Manage risk 

You can separate emotions from trading by putting in place various risk management strategies. Risk management will also minimise the impact of inevitable losses. You should determine your risk and profit percentage ahead. Setting a stop loss and take a profit order at a reasonable point will help you prevent overtrading.

Determine your risk threshold per trade, it may be 1% or 5% per trade. Calculating this against your total trading capital can give you a sense of how many positions you should reasonably open in a day. If as a day trader, you decide to risk 5% on every trade, opening 10 positions on the same day means you are risking 50% of your capital. 

To be on the safe side, you may want to reduce your number of trades and your risk percentage. Once you determine your risk percentage for each trade, set up a stop loss order to close your position when you reach the limit.

At the same time, determine the percentage of profit you expect per trade and the total gain you expect for the day. Set up a stop loss order that closes your position once you’ve made the percentage of profit on a trade. You can also stop opening more positions once you have made your predetermined level of profit. 

To maximise this strategy, you can work out your risk: reward ratio by comparing the amount you are willing to risk to the profit you are expecting. 

Trade with what you can afford 

Greed is one of the emotions you need to throw out of the window if you want to make a profit and have peace of mind in the forex market. Although leverage allows you to increase your investment, do not overuse it.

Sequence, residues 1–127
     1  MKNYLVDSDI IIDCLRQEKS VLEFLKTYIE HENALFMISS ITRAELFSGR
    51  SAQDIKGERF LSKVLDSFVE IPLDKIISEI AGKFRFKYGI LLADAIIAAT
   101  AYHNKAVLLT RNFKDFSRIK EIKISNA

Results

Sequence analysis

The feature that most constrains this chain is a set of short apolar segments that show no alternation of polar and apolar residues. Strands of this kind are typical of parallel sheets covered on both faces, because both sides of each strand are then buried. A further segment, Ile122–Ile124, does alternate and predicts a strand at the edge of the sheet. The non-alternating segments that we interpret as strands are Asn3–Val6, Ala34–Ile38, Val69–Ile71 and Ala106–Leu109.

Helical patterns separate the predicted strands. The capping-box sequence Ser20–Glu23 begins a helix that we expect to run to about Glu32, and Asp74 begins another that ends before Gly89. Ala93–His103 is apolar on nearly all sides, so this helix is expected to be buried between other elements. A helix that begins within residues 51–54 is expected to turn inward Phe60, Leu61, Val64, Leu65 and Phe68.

Before you start trading, determine your risk threshold and how much you can afford to lose without having sleepless nights. Only trade with what you can afford and do not borrow excessively to multiply your position. 


Final words 

Overtrading does not assure more profit. It exposes you to more risk of losing. Forex trading should be based on strategy and strictly adhere to carefully laid plans. To sustain your trading career, aim for reasonable profit and take it once you earn it. 

Accept defeat when you have apparently lost and do not resort to revenge trading. Choosing a supportive forex trading platform is also a step in the right direction. 

Sign up for a live trading account or try a risk-free demo account.